The modification of the spectrum of a radiating gas by a magnetic field, such as would result from the hypothesis that the radiators are the system of revolving or oscillating electrons in the molecule, was detected by P. Zeeman in 1896, and worked up, in conjunction with H.
The fundamental assumption is that the medium contains positively and negatively charged ions or electrons which are acted on by the periodic electric forces which occur in wave propagation on Maxwell's theory.
According to present ideas, the wave originates in a disturbance of electrons within the molecules.
The electrons responsible for the radiation are probably few and not directly involved in the structure of the atom, which according to the view at present in favour, is itself made up of electrons.
As there is undoubtedly a connexion between thermal motion and radiation, the energy of these electrons within the atom must be supposed to increase with temperature.
Considering the great variety of spectra, which one and the same body may possess, the idea lies near that free electrons may temporarily attach themselves to a molecule or detach 'themselves from it, thereby altering the constitution of the vibrating system.
It has been denied by some that pure thermal motion can ever give rise to line spectra, but that either chemical action or impact of electrons is necessary to excite the regular oscillations which give rise to line spectra.
There is no doubt that the impact of electrons is likely to be effective in this respect, but it must be remembered that all bodies raised to a sufficient temperature are found to eject electrons, so that the presence of the free electrons is itself a consequence of temperature.
On the whole it seems probable that the system of moving electrons, which according to a modern theory constitute the atom, is not directly concerned in thermal radiation which would rather be due to a few more loosely connected electrons hanging on to the atom.
The difficulty that a number of spectroscopic lines seem to involve at least an equal number of electrons may be got over by imagining that the atom may present several positions of equilibrium to the electron, which it may occupy in turn.
A collision may be able to throw the electrons from one of these positions to another.
On the other hand, most of the lines show a more complicated structure in the magnetic field, suggesting a system of electrons rather than a single free corpuscle.
To explain this great variability of spectroscopic effects we may either adopt the view that molecular aggregates of semi-stable nature may be found in vacuum tubes, or that a molecule may gain or lose one or more additional electrons and thus form new vibrating systems. It seemed that an important guide to clear our notions in this direction could be obtained through the discovery of J.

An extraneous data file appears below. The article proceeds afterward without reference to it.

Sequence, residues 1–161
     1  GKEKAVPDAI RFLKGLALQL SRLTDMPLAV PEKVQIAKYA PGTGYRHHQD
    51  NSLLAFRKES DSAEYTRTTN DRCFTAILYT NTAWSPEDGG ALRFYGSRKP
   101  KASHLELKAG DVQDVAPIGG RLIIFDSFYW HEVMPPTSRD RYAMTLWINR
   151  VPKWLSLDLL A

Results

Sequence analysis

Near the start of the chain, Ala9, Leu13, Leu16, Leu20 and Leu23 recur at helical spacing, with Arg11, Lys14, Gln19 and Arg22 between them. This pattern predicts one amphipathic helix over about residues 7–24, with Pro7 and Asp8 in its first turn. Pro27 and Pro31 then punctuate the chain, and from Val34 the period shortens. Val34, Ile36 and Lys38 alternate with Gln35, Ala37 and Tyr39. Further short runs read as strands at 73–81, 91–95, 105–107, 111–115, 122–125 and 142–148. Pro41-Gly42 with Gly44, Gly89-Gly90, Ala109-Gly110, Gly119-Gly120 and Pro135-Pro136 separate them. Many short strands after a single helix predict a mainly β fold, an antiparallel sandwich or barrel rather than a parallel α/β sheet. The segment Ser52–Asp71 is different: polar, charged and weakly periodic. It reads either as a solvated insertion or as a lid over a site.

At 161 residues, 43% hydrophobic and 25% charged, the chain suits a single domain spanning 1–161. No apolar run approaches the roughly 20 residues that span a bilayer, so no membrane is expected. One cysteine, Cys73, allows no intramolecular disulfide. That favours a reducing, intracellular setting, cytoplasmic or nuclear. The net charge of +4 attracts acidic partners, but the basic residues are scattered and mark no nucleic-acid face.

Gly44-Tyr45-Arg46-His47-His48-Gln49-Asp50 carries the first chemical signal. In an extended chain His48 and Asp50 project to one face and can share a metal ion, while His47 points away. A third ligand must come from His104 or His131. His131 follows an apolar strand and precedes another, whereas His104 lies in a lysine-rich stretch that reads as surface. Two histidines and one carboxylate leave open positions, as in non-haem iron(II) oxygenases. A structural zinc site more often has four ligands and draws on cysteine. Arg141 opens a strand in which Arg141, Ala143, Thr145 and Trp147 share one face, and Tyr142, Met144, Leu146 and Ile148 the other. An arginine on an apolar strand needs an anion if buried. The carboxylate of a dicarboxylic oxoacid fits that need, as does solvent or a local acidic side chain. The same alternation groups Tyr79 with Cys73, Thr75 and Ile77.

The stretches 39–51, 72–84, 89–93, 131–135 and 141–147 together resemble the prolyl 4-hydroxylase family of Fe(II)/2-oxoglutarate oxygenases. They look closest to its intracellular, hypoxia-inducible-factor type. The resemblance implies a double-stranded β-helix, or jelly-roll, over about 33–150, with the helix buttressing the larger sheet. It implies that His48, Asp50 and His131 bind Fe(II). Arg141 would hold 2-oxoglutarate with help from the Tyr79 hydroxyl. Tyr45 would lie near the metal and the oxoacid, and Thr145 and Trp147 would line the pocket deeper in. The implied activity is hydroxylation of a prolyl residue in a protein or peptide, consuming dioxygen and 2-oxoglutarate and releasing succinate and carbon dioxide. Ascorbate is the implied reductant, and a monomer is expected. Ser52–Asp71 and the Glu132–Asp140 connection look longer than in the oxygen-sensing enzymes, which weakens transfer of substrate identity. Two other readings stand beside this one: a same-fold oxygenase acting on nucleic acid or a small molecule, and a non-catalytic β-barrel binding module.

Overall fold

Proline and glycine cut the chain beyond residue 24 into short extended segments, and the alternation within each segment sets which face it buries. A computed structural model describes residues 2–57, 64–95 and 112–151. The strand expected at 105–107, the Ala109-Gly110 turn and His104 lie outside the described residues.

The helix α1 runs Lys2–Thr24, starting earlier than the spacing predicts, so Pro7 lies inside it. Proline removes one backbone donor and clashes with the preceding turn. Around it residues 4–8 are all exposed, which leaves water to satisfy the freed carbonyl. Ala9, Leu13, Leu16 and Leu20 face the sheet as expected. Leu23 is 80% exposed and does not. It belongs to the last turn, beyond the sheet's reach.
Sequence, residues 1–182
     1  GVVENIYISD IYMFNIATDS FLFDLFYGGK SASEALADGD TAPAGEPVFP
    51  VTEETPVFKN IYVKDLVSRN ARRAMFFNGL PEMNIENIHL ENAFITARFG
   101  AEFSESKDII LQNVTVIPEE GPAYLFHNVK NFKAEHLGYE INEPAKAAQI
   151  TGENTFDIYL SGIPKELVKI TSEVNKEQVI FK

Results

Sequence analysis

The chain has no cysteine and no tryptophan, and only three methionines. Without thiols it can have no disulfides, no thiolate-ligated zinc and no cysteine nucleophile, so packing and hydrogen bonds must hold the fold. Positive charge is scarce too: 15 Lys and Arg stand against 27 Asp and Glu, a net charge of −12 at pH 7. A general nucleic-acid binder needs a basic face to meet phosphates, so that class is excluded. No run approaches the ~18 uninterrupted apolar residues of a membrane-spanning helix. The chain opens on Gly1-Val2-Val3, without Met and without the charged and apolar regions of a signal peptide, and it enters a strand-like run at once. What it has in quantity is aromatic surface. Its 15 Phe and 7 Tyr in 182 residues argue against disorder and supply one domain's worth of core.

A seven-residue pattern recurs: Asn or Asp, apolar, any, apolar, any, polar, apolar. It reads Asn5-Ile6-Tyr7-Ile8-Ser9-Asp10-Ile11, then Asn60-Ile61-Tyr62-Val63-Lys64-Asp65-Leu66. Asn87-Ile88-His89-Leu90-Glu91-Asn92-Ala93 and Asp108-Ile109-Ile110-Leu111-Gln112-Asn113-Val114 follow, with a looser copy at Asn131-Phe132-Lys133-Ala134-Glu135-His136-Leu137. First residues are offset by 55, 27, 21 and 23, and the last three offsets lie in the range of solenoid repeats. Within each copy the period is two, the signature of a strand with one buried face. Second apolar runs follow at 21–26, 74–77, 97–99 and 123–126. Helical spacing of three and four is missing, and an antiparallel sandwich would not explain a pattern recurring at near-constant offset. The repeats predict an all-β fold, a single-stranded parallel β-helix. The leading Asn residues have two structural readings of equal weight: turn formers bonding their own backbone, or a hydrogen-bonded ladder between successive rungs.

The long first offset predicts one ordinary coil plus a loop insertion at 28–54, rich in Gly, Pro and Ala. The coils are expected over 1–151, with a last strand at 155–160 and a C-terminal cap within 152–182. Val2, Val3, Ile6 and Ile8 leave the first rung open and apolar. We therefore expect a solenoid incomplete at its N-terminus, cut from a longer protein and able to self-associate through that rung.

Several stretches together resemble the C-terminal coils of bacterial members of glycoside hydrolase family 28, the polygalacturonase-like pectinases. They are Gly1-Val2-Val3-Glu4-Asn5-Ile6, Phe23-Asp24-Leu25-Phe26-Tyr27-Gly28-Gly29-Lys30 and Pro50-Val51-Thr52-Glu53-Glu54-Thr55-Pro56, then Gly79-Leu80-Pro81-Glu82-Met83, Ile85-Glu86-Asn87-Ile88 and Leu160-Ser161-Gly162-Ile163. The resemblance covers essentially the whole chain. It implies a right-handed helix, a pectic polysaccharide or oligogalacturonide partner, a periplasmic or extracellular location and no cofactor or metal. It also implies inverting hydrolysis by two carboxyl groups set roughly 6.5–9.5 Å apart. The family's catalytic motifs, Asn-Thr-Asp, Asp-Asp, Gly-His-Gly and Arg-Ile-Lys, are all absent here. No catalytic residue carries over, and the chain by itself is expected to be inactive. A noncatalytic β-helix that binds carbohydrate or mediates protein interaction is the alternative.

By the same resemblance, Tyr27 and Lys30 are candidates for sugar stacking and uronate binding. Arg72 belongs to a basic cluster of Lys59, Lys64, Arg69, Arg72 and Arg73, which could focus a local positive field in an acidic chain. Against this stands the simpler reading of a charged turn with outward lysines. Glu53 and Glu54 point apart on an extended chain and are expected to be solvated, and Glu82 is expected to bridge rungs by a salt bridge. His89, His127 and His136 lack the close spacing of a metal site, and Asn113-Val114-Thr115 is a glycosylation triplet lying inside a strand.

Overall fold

The final outcome of these investigations was the hypothesis that Thomson's corpuscles or particles composing the cathode discharge in a high vacuum tube must be looked upon as the ultimate constituent of what we call negative electricity; in other words, they are atoms of negative electricity, possessing, however, inertia, and these negative electrons are components at any rate of the chemical atom.
No one has yet been able to isolate positive electrons, or to give a complete demonstration that the whole inertia of matter is only electric inertia due to what may be called the inductance of the electrons.
Trans., 1894, 185; 1895, 186; 1897, 190), and subsequently in his book Aether and Matter (1900), a remarkable hypothesis of the structure of the electron or corpuscle, which he regards as simply a strain centre in the aether or electromagnetic medium, a chemical atom being a collection of positive and negative electrons or strain centres in stable orbital motion round their common centre of mass (see Aether).
Thomson also developed this hypothesis in a profoundly interesting manner, and we may therefore summarize very briefly the views held on the nature of electricity and matter at the beginning of the 10th century by saying that the term electricity had come to be regarded, in part at least, as a collective name for electrons, which in turn must be considered as constituents of the chemical atom, furthermore as centres of certain lines of self-locked and permanent strain existing in the universal aether or electromagnetic medium.
Atoms of matter are composed of congeries of electrons and the inertia of matter is probably therefore only the inertia of the electromagnetic medium.'
Electric waves are produced wherever electrons are accelerated or retarded, that is, whenever the velocity of an electron is changed or accelerated positively or negatively.
The operation called an electric current consists in a diffusion or movement of these electrons through matter, and this is controlled by laws of diffusion which are similar to those of the diffusion of liquids or gases.
Electromotive force is due to a difference in the density of the electronic population in different or identical conducting bodies, and whilst the electrons can move freely through so-called conductors their motion is much more hindered or restricted in non-conductors.
Electric charge consists, therefore, in an excess or deficit of negative electrons in a body.
Lorentz, The Theory of Electrons (1909); E.
Abraham and P. Langevin, Ions, Electrons, Corpuscles (Paris, 1905); J.
Lodge, Electrons, or the Nature and Properties of Negative Electricity (London, 1907).